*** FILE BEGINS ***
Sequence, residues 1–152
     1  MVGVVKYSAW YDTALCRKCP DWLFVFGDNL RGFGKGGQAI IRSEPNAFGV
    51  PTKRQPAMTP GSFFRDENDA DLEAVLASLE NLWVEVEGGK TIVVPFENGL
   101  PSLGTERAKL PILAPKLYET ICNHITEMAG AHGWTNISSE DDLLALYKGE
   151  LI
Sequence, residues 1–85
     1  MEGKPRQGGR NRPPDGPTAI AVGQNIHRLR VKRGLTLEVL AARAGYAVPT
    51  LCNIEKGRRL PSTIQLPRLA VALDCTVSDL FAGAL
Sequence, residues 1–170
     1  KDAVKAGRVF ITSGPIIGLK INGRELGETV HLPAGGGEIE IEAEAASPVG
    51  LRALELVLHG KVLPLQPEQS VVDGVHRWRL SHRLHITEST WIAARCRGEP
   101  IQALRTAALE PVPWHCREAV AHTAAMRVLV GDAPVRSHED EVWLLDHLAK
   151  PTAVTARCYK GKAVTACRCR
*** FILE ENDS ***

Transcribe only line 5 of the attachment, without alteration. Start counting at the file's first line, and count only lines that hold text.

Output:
   151  LI